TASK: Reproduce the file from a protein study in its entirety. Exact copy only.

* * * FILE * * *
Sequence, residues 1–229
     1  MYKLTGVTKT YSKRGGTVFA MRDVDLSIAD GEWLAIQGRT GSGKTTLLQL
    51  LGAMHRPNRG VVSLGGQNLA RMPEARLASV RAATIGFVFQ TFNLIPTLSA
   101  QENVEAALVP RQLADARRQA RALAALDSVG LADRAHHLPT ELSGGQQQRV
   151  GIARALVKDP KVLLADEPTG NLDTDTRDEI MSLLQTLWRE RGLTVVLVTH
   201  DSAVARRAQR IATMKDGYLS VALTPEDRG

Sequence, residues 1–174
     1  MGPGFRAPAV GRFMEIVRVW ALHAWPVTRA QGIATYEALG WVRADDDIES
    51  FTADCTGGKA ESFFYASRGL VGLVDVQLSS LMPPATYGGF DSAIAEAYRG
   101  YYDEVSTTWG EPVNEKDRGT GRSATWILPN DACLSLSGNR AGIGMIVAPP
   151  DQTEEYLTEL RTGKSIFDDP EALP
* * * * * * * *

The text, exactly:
Sequence, residues 1–229
     1  MYKLTGVTKT YSKRGGTVFA MRDVDLSIAD GEWLAIQGRT GSGKTTLLQL
    51  LGAMHRPNRG VVSLGGQNLA RMPEARLASV RAATIGFVFQ TFNLIPTLSA
   101  QENVEAALVP RQLADARRQA RALAALDSVG LADRAHHLPT ELSGGQQQRV
   151  GIARALVKDP KVLLADEPTG NLDTDTRDEI MSLLQTLWRE RGLTVVLVTH
   201  DSAVARRAQR IATMKDGYLS VALTPEDRG

Sequence, residues 1–174
     1  MGPGFRAPAV GRFMEIVRVW ALHAWPVTRA QGIATYEALG WVRADDDIES
    51  FTADCTGGKA ESFFYASRGL VGLVDVQLSS LMPPATYGGF DSAIAEAYRG
   101  YYDEVSTTWG EPVNEKDRGT GRSATWILPN DACLSLSGNR AGIGMIVAPP
   151  DQTEEYLTEL RTGKSIFDDP EALP